27 Jul 2015

Nightclubbing in the 70's. Part 1.

He’s late. Again. He’s always late. I think it’s just his little game of one-upmanship. Middle class parents and all that. Assume the higher ground. True enough he has the wheels for this evening’s entertainment, but we both know when it comes to pulling the girls, I’m the one expected to go in first.

I use the time to go over my choice of wardrobe for the night, Roxy Music playing in the background. I’m so vain I actually make small sketches of my outfits for every time I visit a club, each dated with the name of the club underneath. This way I’m never seen in any establishment wearing the same combination twice. I check what I’m wearing now against the chart: Light double breasted Paul Smith jacket; two-tone platform shoes; dark brown Oxford bags; broad tie (it is a Sunday after all). Check. I’m looking good. If we don’t pull at least we can pass for Robert Redford and Paul Newman in “The Sting”.

We show our membership cards at the door. We have ALL the membership cards necessary across two counties and even some as far afield as Leeds and Liverpool. We check our hair in the Gents. We sip our Dry Martinis and check out the crowd. They’ve noticed us but don’t yet know us. The dance floor is small and tight. The music is bliss. Stax soul, with a side dish of Brian Ferry for seasoning. I love to dance. I’m actually good at it. Not many guys in here can say that.

Two girls are stood on the other side of the small dance floor, all summer dresses and blonde. Surely out of our class? He doesn’t think so. He wants to give it a go. I have reservations. If we do pull them, the evening is likely to be one of polite conversation only, and expensive drinks before Goodnight Vienna. They look too classy. Conversely, if they turn us down, then every other girl in the place will do the same for fear of appearing second choice. Or third. Or even fourth. Fourth choice is not an unusual scenario. We’ve gone down the scale a lot lower than that. Many times. No pride in the heat of the night.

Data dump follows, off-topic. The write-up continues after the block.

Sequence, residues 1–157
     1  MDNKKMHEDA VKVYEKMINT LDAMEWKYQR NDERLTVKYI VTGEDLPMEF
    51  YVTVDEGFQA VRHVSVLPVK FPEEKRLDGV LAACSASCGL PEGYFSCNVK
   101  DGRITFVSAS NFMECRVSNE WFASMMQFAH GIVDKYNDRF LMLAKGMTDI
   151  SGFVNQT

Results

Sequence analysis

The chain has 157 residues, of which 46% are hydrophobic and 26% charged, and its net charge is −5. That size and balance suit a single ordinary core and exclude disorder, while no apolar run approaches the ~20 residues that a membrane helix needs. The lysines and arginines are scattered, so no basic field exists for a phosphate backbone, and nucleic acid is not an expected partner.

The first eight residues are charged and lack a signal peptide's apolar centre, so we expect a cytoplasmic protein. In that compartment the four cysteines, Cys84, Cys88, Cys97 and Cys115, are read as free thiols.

He’s still keen. Okay, I go in. Polite, attentive, charming. Leave no awkward silences. Style is more important than content. And separate them as soon as possible, break their line of contact. As it turns out, no worries. This pair are way ahead of us. They’ve already decided who’s going with who before I even reach them. Refreshing. We’ve clearly met our well-matched match.

After a few Marvin Gaye’s, her polka-dot mini dress flirting in all the right places, she asks the usual: “What do you do?” That old line. I never use it. But I’ve known the words “art student” to loosen miners’ daughters’ knicker elastic at a hundred paces. And some of their wives. “You don’t look like an art student”. She’s right. These truly are my schizoid years. Mild mannered art student by day, dance hall dandy by night. She tells me she’s a secretary. Later in the relationship she will tell me her boss chases her around the office. Such fantasies are a turn-on for some boyfriends. It’s all Benny Hill to me.

The four of us have a great evening. We really do. I will even write a dumb song about it when I get home. Come closing time we walk them out to the car park, splitting into couples, hopeful of that goodnight kiss. There’s even a full moon. She kisses great (even more refreshing), and suggests I sit in her car for a while. Hey, no problem. Polka-dot mini-dress inside a mini-cooper is my favourite decor.

My hand settles above her knee. A little too soon? Maybe so. But I don’t necessarily always go through all the bases in numerical order. She kisses back harder, settling into her seat, knees slightly parting. I take my time. Some things are better not rushed. She doesn’t touch me in return. Classy.

Copyright Ian G Craig.